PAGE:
My attempt at keeping the diary clear of talks between January and September this year is just about holding. The last seminar I gave was on Foucault and health research and activism in January, and with the exception of three small events in April and May – a roundtable contribution on representation at the UCL IAS, an internal seminar there, and a panel discussion of Sur les toits at Warwick – the next major talk is in September.
This will be to speak at the Spindel Conference at University of Memphis. I will be giving a much-developed version of a talk that had a trial run last year: “Foucault and Shakespeare: Ceremony, Theatre, Politics”. Papers from this event will be published in the Southern Journal of Philosophy.
In October, I’ll again be speaking on Shakespeare at a conference on Early Modern Literary Geographies, held at the Huntington Library in California. The draft title is “Denmark, Norway, Poland: Regional Geopolitics in Hamlet” – part of a chapter of the Shakespearean Territories project.
In December I’ll be taking a trip to Gießen, Germany, to give a keynote lecture to the International Research Centre for the Study of Culture at Justus-Liebig-Universität. There will be a workshop on my work the next day.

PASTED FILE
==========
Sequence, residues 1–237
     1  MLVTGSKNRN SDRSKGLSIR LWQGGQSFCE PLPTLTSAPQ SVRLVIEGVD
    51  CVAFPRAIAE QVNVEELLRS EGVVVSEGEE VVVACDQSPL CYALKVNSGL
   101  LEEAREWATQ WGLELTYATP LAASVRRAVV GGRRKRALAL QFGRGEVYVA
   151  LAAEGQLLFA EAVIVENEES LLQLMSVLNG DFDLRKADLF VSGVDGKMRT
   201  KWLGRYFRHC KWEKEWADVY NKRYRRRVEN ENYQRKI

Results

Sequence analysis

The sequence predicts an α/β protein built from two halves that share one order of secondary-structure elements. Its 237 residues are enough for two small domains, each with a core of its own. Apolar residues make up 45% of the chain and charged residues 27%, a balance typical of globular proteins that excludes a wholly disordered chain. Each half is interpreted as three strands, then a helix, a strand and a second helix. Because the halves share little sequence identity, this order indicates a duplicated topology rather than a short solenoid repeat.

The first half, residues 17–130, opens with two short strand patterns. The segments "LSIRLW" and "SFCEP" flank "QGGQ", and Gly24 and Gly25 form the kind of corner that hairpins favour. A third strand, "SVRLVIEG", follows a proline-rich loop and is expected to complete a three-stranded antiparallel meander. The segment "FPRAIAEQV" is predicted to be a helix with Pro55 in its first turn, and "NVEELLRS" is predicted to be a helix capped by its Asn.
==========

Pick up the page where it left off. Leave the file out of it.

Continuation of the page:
In February 2017, it will be back up to Durham to give a public lecture at the Institute of Advanced Study. This will be under the ‘scale’ annual theme, but I expect that both in Durham and in Gießen my main focus will be terrain and territory.
I will likely attend the AAG meeting in Boston in March 2017, perhaps combining it with a couple of other events in the USA. In April, there will be the London Review of International Law annual lecture; and on 27 April I will be at National University of Ireland, Maynooth. Again, I expect most of these talks will relate to terrain in some way.
My attempt with these talks has been to get them to coincide with the larger writing projects. On this plan I get the chance to talk about Shakespeare a couple more times while that is my major writing focus, and don’t have to break from that work until December. Then, towards the end of the year and at the beginning of 2017, when I expect my research and writing will shift to the terrain work, I have some clear deadlines for when I need to have parts of the writing ready.
In the past few years, I’ve ended up giving 20-25 talks per year. I might keep 2016 to below 10. As ever, all the details for forthcoming talks are here.